Responsibility comes with playing for Manchester United.  The history of the club is part of that.  But Ferguson did the rest.  He set the tone, steering the course, knocking off adversaries and keeping United at the top.  Players were held accountable.  Once a player put one above club, he'd be knocked down or sent away.  The club first mentality has been preached to the end.  Wayne Rooney the last player to feel the brunt of Ferguson sending a message, watching United's final home match from an executive suite.

It's perspective Sir Alex brought. Professionalism.  A column penned by former England goalkeeper David James gives a poignant glimpse how Manchester United players developed into a difference breed.

And it came about because Sir Alex demanded more.  The full 90 on and off the field.  Superior focus.  A winner's mentality.

I still can't believe Ferguson agreed to be a guest on Off the Record with Michael Landsberg on United's North American summer tour in 2010.  Michael invited me into studio that day, knowing my passion for United.  I had just landed from spending 40-something days covering the World Cup in South Africa and couldn't make it.  It's one of my biggest regrets - not being able to meet the man in person.  There's no substitute for a real face-to-face conversation.  Covering sport you meet personalities of all kinds.  But Sir Alex to me is in a league of his own.  That would have been special.

Next season will not be the same without Ferguson on the sidelines.  I'll miss Fergie Time,' which has become preferred terminology when too much stoppage time is given.  Anything can happen in Fergie Time and usually did.  I'll miss the gum chewing and the assumption of the 'hair dryer' after a poor 45 minutes. 

I'll miss questioning his squad selection.  Ferguson has often remained steadfast and loyal to players and formations deemed not suffice.  Yet time after time, Ferguson got it right.  No matter whom he left on the bench, or what wonky substitution was made, it would all somehow work out over the long haul.  His ability to see beyond the immediate into the big picture and manage accordingly may be his biggest strength, evidenced in his team hitting stride each year in and around the hectic holiday season.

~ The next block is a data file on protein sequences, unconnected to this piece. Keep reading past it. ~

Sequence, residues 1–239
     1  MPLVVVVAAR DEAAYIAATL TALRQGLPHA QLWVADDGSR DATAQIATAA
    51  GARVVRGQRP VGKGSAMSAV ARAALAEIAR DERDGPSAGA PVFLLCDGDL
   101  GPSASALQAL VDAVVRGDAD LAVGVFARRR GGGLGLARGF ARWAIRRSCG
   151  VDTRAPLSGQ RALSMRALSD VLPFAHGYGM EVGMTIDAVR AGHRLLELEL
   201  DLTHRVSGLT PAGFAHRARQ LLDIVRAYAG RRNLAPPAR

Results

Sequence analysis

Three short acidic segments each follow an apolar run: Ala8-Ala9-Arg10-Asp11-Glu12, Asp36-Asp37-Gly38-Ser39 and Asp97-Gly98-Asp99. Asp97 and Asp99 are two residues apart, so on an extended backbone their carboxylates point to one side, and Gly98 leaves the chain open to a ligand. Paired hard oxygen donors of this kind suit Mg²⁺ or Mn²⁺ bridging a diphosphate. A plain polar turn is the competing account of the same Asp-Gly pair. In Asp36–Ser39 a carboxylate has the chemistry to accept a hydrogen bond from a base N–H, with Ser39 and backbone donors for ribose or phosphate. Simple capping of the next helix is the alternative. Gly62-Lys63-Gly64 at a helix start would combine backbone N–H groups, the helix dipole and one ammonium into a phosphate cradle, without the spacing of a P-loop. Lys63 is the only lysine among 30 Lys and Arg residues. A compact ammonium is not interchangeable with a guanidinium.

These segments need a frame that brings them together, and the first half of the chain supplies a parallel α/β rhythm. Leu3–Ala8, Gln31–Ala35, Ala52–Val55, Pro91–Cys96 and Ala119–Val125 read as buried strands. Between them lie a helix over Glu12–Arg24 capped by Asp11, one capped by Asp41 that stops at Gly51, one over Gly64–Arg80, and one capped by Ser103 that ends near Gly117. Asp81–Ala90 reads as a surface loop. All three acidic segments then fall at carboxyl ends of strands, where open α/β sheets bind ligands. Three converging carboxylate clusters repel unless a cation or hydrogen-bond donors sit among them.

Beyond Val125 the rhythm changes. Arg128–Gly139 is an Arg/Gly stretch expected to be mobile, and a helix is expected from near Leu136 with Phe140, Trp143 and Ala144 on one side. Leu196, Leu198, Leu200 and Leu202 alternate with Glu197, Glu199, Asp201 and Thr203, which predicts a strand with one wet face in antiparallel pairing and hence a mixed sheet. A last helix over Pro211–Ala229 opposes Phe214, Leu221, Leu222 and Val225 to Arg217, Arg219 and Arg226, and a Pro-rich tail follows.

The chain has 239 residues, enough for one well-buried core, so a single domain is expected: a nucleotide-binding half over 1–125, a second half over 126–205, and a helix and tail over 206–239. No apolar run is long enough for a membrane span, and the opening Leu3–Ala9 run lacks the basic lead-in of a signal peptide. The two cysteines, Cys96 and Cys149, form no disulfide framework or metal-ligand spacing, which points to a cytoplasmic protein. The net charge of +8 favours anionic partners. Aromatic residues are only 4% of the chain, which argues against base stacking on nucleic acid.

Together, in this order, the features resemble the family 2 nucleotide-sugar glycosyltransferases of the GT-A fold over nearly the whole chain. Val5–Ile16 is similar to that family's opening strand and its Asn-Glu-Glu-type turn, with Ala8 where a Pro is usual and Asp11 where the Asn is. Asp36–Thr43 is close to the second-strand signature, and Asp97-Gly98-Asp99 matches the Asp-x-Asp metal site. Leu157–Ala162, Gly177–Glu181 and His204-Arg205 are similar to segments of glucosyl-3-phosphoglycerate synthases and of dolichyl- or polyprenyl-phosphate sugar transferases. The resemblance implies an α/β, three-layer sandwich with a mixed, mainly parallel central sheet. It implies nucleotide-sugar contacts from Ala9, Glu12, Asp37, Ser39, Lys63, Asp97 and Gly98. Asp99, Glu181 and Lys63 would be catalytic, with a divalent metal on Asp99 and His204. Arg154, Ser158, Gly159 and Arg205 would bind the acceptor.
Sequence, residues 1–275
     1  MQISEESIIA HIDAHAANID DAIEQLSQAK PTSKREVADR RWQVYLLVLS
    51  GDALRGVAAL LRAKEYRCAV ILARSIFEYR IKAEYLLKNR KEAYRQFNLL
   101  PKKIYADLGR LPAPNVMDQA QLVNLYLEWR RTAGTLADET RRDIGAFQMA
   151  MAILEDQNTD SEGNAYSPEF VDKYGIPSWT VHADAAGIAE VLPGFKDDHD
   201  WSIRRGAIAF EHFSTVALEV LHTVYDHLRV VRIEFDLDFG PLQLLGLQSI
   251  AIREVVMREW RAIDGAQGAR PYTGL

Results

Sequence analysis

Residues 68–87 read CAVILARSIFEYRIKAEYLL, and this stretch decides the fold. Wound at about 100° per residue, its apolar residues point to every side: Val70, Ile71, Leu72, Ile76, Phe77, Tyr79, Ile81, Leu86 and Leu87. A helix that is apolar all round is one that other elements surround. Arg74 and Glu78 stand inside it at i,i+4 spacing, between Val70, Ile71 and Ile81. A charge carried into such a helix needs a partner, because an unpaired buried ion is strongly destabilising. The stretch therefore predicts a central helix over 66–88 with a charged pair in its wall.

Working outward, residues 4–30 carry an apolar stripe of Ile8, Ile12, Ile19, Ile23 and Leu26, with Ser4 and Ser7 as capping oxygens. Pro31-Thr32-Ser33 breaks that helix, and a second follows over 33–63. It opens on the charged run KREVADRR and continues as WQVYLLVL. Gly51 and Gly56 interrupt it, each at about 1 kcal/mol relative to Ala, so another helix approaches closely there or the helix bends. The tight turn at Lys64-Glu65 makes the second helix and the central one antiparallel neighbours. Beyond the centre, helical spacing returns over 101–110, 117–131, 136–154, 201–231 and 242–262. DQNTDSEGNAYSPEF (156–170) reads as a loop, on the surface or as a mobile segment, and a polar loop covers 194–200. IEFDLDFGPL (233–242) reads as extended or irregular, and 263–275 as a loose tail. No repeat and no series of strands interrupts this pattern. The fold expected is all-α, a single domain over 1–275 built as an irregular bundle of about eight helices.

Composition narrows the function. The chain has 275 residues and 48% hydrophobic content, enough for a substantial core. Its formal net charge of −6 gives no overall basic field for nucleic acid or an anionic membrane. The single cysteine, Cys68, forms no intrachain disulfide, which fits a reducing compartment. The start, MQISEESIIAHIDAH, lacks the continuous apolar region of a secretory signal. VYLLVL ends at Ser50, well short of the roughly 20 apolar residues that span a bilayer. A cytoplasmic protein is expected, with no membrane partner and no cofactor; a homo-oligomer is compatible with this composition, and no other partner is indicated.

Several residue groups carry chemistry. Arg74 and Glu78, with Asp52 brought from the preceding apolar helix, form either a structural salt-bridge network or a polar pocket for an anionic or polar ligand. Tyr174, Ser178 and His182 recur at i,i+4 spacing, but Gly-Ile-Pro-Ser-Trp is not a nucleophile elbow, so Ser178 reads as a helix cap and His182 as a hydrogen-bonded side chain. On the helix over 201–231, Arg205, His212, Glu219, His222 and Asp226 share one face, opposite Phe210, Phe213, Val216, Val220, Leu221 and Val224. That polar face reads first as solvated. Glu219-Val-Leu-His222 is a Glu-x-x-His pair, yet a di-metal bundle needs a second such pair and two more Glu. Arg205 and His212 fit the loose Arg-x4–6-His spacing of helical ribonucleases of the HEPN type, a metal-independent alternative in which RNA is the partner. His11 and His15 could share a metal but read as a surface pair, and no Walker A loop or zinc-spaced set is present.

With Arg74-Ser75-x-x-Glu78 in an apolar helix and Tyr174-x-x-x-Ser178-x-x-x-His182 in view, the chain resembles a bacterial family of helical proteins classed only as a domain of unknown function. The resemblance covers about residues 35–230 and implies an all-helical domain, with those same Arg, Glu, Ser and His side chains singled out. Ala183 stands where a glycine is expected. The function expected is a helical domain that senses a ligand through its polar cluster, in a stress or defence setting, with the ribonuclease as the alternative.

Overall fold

I'll miss the mind games.  Ferguson had his ups and downs with the media.  But how he went out of his way to send a message to a match official or opposing manager after an innocent question was a thing of beauty.  There were no mincing words.  And the message always delivered.

I'll miss his visible love for the club and respect for its supporters.  He was a pillar of strength, often controversially after the Glazers' take over of the club.  He'll have to continue to be influential behind the scenes so the new manager can thrive.

Above all, I'll miss having blind faith of a Ferguson managed team on the field, no matter who they're playing, who was on the field, or what the score line may be.  The best way to describe Ferguson is a winner.  The mentality is contagious.   

Managers come and go but how do you move on when Ferguson's the only one I've known?  You don't.  There is no way to truly replace Sir Alex.  You simply move on with faith that the culture established carries through to the next edition of the team. 

I'm choosing to be optimistic.  At the very least, the entire idea of change is exciting.  Most supporters of other clubs go through this on a semi-regular basis.  New tactics, new motivation, fresh life into the on-field product has to be a positive under the backdrop Ferguson helped build.

The club is bigger than one man.  The club will move on.  Football is fluid.  Ferguson's recognized this better than most, speaking to his longevity.  Match 1,500 will be his last Sunday.  A day I'll sit back, enjoy, and be thankful Sir Alex Ferguson was the manager for my football team.